What happens when groups say sorry: The effect of intergroup apologies on their recipients

Philpot, Catherine R. and Hornsey, Matthew J. (2008) What happens when groups say sorry: The effect of intergroup apologies on their recipients. Personality and Social Psychology Bulletin, 34 4: 474-487. doi:10.1177/0146167207311283


Author Philpot, Catherine R.
Hornsey, Matthew J.
Title What happens when groups say sorry: The effect of intergroup apologies on their recipients
Journal name Personality and Social Psychology Bulletin   Check publisher's open access policy
ISSN 0146-1672
Publication date 2008-04-01
Year available 2008
Sub-type Article (original research)
DOI 10.1177/0146167207311283
Open Access Status
Volume 34
Issue 4
Start page 474
End page 487
Total pages 14
Editor Judith M. Harackiewicz
Place of publication Washington, U.S.A.
Publisher Sage Publications
Language eng
Subject C1
170113 Social and Community Psychology
940399 International Relations not elsewhere classified
Abstract Despite the increased incidence of intergroup apology in public life, very little empirical attention has been paid to the questions of whether intergroup apologies work and if so, why. In a series of experiments, Australians read scenarios in which Australian interests had been harmed by an outgroup. Participants were then told that the outgroup had either apologized or had not apologized for the offense. Although the presence of an apology helped promote perceptions that the outgroup was remorseful, and although participants were more satisfied with an apology than with no apology, the presence of the apology failed to promote forgiveness for the offending group. This was the case regardless of whether the effectiveness of apology was measured cross-sectionally (Experiment 1) or longitudinally (Experiment 2). It was also the case when the apology was accompanied by victims advocating forgiveness (Experiment 3) and was independent of the emotionality of the apology (Experiment 4). In contrast, individuals who apologized for intergroup atrocities were personally forgiven more than those who did not apologize (Experiment 4). Theoretical and applied implications are discussed.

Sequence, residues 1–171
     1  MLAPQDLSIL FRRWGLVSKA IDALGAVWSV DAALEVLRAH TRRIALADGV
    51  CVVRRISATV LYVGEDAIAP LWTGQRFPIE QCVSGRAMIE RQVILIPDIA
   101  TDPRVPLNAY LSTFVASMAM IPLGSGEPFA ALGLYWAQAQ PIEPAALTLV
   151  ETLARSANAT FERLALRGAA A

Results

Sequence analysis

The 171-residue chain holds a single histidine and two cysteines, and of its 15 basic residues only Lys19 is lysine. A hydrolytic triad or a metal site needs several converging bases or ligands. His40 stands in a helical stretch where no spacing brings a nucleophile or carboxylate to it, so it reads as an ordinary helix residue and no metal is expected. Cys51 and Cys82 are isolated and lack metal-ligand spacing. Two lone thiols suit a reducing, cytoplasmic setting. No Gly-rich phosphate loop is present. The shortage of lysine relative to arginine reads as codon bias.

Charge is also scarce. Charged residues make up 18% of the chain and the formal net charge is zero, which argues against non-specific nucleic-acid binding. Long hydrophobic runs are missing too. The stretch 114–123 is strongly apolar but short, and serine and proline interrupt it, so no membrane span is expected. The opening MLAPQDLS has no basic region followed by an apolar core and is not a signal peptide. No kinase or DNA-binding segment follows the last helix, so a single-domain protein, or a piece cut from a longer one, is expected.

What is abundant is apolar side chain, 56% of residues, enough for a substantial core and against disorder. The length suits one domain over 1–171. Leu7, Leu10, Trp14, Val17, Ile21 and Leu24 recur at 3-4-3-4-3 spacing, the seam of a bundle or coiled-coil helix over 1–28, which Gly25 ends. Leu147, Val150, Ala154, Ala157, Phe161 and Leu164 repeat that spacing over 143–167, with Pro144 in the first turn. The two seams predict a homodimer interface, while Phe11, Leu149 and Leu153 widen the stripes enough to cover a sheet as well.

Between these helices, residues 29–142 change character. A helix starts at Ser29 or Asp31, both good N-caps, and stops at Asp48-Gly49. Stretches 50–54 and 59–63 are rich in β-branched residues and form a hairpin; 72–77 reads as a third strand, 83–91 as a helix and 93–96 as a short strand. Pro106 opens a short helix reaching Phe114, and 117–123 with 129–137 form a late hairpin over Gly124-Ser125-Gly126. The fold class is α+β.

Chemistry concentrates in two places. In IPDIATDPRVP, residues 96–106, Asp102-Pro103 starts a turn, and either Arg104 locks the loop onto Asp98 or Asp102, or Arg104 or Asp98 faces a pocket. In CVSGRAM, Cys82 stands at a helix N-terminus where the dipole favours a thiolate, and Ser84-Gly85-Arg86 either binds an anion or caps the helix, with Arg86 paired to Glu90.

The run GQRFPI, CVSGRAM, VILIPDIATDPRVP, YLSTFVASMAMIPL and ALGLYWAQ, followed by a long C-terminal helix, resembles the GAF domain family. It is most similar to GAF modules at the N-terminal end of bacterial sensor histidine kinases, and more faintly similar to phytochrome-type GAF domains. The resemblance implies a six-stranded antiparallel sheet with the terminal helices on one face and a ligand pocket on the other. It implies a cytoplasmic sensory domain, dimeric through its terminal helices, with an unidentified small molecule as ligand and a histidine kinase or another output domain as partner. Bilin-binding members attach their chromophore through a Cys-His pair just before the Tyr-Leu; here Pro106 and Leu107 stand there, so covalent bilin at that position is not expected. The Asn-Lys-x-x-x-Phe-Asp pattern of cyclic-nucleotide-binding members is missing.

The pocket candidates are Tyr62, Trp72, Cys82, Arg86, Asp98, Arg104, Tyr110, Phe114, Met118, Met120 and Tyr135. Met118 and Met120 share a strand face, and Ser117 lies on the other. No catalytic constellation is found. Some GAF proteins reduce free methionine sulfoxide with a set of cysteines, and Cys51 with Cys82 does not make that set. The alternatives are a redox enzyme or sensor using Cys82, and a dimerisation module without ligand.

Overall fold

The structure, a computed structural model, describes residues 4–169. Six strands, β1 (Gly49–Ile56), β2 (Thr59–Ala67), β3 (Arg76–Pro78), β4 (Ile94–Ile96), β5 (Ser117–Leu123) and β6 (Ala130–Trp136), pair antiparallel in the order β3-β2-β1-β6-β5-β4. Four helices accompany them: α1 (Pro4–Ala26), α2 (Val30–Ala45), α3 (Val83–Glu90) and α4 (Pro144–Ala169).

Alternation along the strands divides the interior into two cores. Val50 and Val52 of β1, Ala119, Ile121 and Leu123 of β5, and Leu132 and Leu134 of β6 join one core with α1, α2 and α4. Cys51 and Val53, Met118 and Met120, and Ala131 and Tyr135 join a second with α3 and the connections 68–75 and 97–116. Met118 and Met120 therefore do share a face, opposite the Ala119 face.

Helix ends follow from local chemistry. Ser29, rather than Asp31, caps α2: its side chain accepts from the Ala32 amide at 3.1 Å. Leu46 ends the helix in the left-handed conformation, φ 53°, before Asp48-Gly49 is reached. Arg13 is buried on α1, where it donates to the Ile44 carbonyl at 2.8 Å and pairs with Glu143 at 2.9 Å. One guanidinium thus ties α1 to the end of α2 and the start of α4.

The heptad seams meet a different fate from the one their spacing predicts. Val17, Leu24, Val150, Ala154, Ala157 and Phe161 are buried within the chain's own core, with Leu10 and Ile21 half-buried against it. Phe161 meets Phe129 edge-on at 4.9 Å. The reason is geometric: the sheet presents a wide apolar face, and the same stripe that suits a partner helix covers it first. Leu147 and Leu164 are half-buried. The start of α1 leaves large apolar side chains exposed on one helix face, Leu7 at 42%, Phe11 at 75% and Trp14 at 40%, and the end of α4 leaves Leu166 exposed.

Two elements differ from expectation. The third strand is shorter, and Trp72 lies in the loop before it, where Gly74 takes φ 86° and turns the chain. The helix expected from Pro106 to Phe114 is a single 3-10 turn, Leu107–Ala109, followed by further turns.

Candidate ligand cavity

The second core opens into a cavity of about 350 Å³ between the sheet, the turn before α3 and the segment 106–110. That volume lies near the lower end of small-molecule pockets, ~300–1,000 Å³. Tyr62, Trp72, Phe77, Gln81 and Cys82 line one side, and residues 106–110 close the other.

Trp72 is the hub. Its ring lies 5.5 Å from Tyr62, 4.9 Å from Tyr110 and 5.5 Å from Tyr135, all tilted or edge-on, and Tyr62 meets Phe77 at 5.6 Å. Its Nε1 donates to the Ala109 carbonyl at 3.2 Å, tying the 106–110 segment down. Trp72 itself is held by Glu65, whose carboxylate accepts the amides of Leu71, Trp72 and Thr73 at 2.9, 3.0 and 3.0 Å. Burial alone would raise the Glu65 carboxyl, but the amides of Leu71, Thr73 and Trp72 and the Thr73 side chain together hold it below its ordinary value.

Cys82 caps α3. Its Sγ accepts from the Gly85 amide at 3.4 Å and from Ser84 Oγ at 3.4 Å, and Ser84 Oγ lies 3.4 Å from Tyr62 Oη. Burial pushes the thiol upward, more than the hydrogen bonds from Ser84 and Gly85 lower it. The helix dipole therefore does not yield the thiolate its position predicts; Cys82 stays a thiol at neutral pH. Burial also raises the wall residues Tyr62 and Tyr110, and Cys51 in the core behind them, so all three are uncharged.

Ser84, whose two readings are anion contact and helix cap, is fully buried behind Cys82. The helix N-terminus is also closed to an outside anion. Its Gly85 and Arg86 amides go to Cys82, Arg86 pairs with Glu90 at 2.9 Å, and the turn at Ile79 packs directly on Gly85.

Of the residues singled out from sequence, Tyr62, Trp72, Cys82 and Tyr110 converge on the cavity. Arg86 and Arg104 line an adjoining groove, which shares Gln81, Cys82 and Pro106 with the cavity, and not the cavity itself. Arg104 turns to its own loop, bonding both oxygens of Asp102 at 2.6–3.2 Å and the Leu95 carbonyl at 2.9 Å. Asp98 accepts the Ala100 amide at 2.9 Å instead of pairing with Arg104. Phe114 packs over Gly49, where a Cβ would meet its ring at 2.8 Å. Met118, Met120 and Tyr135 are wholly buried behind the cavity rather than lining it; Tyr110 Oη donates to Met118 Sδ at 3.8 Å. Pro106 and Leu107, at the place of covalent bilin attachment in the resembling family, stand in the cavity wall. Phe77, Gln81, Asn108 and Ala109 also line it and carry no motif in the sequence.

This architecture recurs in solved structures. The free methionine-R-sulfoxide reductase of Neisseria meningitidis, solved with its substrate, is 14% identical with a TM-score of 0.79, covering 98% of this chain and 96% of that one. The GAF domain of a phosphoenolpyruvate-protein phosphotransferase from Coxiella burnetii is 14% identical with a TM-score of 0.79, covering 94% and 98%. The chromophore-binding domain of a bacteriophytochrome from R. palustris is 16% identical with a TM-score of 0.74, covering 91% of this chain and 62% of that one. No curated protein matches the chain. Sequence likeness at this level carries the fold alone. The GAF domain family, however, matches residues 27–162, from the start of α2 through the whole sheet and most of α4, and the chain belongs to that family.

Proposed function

Keyword forgiveness
apologies
intergroup relations
Q-Index Code C1
Q-Index Status Confirmed Code
Institutional Status UQ

Document type: Journal Article
Sub-type: Article (original research)
Collections: 2009 Higher Education Research Data Collection
School of Psychology Publications
 
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Created: Wed, 25 Mar 2009, 23:42:36 EST by Lucy O'Brien on behalf of School of Psychology